Trooper: A happy 80 year old only child.

by on May 30, 2012

in Guest Onlies

Here is a heart warming story from ‘Trooper’ who celebrates his life as an only child demonstrating the challenges and ways to overcome them.

I am now in my eighty third year and I am an “only child”.  I have never married, I have never felt the need to be tied. I walked away from all family ties after my mother passed away in 1982 (my father having pre deceased her) even before this I had little contact with the family at large for a number of years (my choice).

It was made very plain to me at the age of six that I would be the only one, there would be no other siblings, so I had best understand I was to be my own man. My father was a professional soldier, and working hard to improve his position, my mother was a senior Civil Servant in the Foreign Office, so I grew up in a caring but very disciplined environment, this stood me in very good stead for later years: I lacked for nothing.

My father decided that I should, from the age of five, attend the nearest Army school where I received a very tough but very good early education. This was where I first began to realise that being an only had advantages, I did not have to side with, or defend siblings and I could do or not do as I wished, within reason. I very soon realised that I was master of my own destiny and I felt that my destiny was to be a leader.

At eight I was dispatched to prep school as a boarder and I enjoyed every minute of it. At ten I went to public school (this was at some sacrifice to my parents to whom I shall be eternally gratefull). This was a magic time for me – I adored school – there were no parents to chide you no family to offer a critique of your conduct etc, and as an only child I was able to be me. I made the most of school, I did not fag, indeed I offered violence to anybody who tried to make me (I am no man’s servant). I was captain of the Rugby 15 and in my senior year, Captain of School. I fully accept that so far this all sounds very arrogant and self-serving, but I can only say to anyone: “Please do not be a doormat and let people bully you, they will because as an only child they think you are inadequate. Show them you can do whatever they think they can do, lead do not follow”.

At 17 I joined the Army and there I stayed for 25 yrs reaching senior rank. I served all over the world. This is another bonus of being an only, you have no baggage so you can take advantage of the many opportunities that come along. Shortly after leaving the Army I felt that I needed to be challenged so I offered my services to an army in another country and was accepted due to my skills. I remained there for 10 yrs again gaining senior rank. I eventually returned to the UK and set up my own company and then sold it on.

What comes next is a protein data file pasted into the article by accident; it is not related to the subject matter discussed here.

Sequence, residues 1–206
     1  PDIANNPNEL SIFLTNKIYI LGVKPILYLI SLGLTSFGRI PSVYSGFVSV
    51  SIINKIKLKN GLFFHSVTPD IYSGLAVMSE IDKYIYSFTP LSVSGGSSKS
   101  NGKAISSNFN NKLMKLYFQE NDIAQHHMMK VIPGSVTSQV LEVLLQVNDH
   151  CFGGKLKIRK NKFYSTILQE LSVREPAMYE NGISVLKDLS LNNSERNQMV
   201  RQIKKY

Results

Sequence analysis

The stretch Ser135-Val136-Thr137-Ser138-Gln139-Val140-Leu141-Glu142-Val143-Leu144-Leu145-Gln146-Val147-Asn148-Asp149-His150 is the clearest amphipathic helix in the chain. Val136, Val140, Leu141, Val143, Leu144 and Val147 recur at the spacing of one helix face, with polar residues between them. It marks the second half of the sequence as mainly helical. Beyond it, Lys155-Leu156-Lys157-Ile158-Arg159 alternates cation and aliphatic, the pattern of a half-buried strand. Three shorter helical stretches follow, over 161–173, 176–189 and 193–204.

I have to observe that many only children refuse to come to terms with what they are and feel that have been dealt a bad hand. You are what you make yourself.  Life is for living, so grab it with both hands, and say to the world that: “I am the best because there is only one like me – no copies”. As for me I have got a lot more living to do yet and I shall enjoy them all because I am an ONLY CHILD.


  • DanielaLCutler

    I think you are an inspiration not because you are an only child but because you are the positive go getter tht you have always been. Thank you for the story and congratulations on living (and continuing to live) such an inspirational journey.

  • Geri in CA

    I am an only child with no children too.  I am currently 46 years old and I often wonder what it would be like to grow older and have no parents or siblings.  Thank you for sharing your positive story.  You are indeed an inspiration  

  • Laura in Fl

    It seems like you’ve had a great life and have done a great effort to become the best person you can be. However, I don’t think it had anything to do with being an only child (just based on what you wrote). You say that as an only child you “have no baggage”… mmm I don’t have any baggage either and I have a brother. You say that you could “do anything at school”… mmm I could do anything at school too, only in my senior year had I the possibility to see my brother at school, but even then I don’t ever remember seeing him at lunch (he is only 3 years younger than me). Also you say that people would bully you for being an only child and you had to learn to defend yourself…. but believe me, my brother has never defended me, and actually I had to learned to defend myself from him first than anyone else; and to be honest kids bully other kids for many reasons and they have to learn to defend themselves cause no one will come defend them (I don’t really know many siblings who defend each other, most fight each other, and only a few defend each other and have a really good relationship). I have a brother, and I too can say that “there is only one like me – no copies”.

  • Gigi

    I am an only child and now adult of 46 yrs. At the end of Troopers writing he mentions about bullying. I was a target from elementary to High school and I understand why now. My father put me into Tae Kwon Do at the age of 13 yrs and I trained 4 times a week for 5 years. It really gave me confidence and I appreciated that he supported me. Being an only child has it’s positives and negatives.

    I don’t have any relatives, no children, my dad passed away 19 years ago and my mom is currently 86. I’ve been married for 4 years. I believe my journey of being an only child prepared me for being alone and how to cope with that.

    I found Trooper’s mention very inspirational and strong and he/she seems like an exceptional person. It makes me happy to be an only child like he/she.

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